By Nan-Hie In
China’s Third Plenum in 2013 outlined sweeping economic, legal, market and social plans to improve the quality of life for citizens of the world’s second largest economy – a goal to be achieved through continuous restructuring of a largely state-led economic system and opening up to be a more open, market-friendly economy. How China has fared three years later in delivering these promises is the question for one of the panel discussions at AmCham’s China Conference this year.
Changes are happening, and some are taking place at a faster pace than others – from inertia on State Owned Enterprises (SOE) and fiscal reforms to significant advances in the financial sector, according to the panel of experts. For instance, China has made enormous progress in the financial sector as part of its current journey of economic reform, notes Tao Wang, Chief China Economist and Co-head of Asia Economics at UBS Investment Bank.
Those, she says, include greater access to the markets of Mainland thanks to Shanghai-Hong Kong Stock Connect and the upcoming Shenzhen-Hong Kong Stock Connect; developments in the domestic financial markets such as the liberalization of interest rates last year; the internationalization of the RMB with the currency’s inclusion in the International Monetary Fund’s basket of currencies known as Special Drawing Rights.
“I’m not saying all these things are positive as there are risks associated with the [development of] these areas as well,” Wang explains. “All these changes we are seeing in China, whether it’s risks or not, such as capital outflows, provide additional opportunities for Hong Kong.” It is a shared optimism among her fellow panelists, although they have different visions of how opportunities and risks will play out for businesses in Hong Kong.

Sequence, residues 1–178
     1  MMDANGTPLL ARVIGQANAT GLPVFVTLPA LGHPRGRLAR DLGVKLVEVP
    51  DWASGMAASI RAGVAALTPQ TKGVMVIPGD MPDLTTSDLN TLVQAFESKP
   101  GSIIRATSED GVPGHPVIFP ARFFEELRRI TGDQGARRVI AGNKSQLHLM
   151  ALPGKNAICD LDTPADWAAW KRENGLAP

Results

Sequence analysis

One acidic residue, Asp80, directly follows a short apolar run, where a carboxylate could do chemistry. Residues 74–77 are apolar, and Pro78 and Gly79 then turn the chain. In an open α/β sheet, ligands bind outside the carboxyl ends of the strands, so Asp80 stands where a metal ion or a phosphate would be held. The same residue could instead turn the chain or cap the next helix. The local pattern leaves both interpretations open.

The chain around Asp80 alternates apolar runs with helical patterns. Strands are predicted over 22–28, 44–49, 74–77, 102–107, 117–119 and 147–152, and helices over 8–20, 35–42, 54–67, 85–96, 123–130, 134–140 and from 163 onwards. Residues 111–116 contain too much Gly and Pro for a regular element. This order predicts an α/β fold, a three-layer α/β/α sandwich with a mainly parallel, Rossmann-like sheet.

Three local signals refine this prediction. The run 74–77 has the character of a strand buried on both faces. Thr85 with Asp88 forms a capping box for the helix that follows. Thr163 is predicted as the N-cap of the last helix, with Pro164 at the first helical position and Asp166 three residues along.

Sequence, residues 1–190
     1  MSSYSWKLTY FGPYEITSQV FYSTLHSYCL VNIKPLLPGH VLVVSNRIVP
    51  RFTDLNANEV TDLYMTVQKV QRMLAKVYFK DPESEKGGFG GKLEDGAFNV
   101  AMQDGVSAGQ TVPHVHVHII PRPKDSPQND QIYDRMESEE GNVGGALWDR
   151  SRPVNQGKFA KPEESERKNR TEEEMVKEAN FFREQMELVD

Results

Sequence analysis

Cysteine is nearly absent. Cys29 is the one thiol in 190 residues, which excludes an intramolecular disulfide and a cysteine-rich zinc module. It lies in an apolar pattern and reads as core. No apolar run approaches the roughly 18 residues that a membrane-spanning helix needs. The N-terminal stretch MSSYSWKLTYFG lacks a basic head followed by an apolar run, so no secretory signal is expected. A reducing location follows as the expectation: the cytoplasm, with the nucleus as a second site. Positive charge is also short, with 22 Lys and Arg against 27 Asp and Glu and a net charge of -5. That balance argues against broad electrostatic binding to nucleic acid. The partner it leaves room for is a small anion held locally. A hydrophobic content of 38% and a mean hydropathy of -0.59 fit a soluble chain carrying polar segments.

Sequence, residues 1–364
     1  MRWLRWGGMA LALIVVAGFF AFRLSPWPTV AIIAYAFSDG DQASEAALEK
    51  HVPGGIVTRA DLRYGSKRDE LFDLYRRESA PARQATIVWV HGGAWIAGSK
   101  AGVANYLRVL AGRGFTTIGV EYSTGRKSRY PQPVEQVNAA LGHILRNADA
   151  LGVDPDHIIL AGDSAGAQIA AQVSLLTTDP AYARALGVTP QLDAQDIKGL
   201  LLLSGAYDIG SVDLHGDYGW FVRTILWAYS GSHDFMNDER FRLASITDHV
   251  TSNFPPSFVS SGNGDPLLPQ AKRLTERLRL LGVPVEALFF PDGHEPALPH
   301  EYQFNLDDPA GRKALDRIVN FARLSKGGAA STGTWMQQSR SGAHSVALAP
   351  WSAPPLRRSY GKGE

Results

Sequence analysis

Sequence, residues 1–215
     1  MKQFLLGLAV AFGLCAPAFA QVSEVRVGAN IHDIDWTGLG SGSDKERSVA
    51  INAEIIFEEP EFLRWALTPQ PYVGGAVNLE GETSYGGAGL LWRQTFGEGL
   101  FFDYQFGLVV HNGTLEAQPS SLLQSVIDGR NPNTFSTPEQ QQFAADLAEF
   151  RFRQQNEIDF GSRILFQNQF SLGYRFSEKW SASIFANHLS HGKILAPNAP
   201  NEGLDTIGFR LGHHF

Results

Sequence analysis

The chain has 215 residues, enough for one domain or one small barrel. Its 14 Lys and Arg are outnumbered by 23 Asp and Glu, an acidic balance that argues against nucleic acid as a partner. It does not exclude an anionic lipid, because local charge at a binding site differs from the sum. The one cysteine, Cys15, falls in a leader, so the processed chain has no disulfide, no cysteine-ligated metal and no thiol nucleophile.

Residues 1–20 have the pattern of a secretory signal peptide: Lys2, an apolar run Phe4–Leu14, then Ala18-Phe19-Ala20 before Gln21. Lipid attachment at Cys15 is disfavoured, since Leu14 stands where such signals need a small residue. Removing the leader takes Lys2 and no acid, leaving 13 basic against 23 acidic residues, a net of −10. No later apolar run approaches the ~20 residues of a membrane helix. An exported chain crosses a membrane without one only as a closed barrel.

China’s financial market
One of the policy changes is the greater access to the domestic bond market. Earlier this year, the People’s Bank of China reduced the red tape for China’s interbank bond market (CIBM) by permitting a much broader spectrum of overseas financial institutions direct access to what has now become the third largest bond market in the world, valued at over US$7 trillion.
In the past, only selected categories of the investment community could participate in the Mainland’s domestic capital market through programs such as Qualified Foreign Institutional Investors (QFII) and its RMB equivalent (RQFII), and schemes are tangled with quota limits, approval requirements and other administrative requirements.
“I believe there is genuine desire from decision makers in Beijing and across the country to use capital market pressures to help drive construction [in this sector],” says Michael Falcon, CEO of Asia Pacific, Global Investment Management, JP Morgan Asset Management, calling these reforms and restructuring of the sector “impressive.”
Although it has been an encouraging development, it has not dissipated worries, particularly on the legal front with uncertainties in investor protection for scenarios such as bond default. “We need to understand the rule of law, the rule of credit, what bankruptcy means in China, and the development of structures for distressed or worse debt,” Falcon stresses, noting areas where China is less developed than other markets such as that of the US.
And it will take time to make a liquid and well-functioning market. In spite of much public concern over China’s slowing economic growth, volatilities in the market and the over-handed measures in the Chinese stock markets, many are still undeterred because China remains too large and important of a market with a GDP still growing this year. It is “almost half a trillion dollars of wealth creation in terms of economic output,” Falcon notes.
While external and internal shocks to the Chinese economic system, including global black swan events, remain probable, the demand – and hence opportunities – for asset investment and management in China are not to be taken lightly when there are demand worth “tens of billions of US dollars” from Chinese individuals and companies for outbound investment regionally and globally.
The current financial reforms in China are a balancing act: while reforms are shaping up to lead China into the next phase of economic development, strict adherence to central policy planning is factor which has contributed to the challenges China is facing. The target of maintaining 6.5 percent annual GDP growth up until 2020 in the current environment can only be achieved through debt, explains Mark Austen, CEO of ASIFMA, hence his bearish outlook in the short term (but bullish on investment and reform).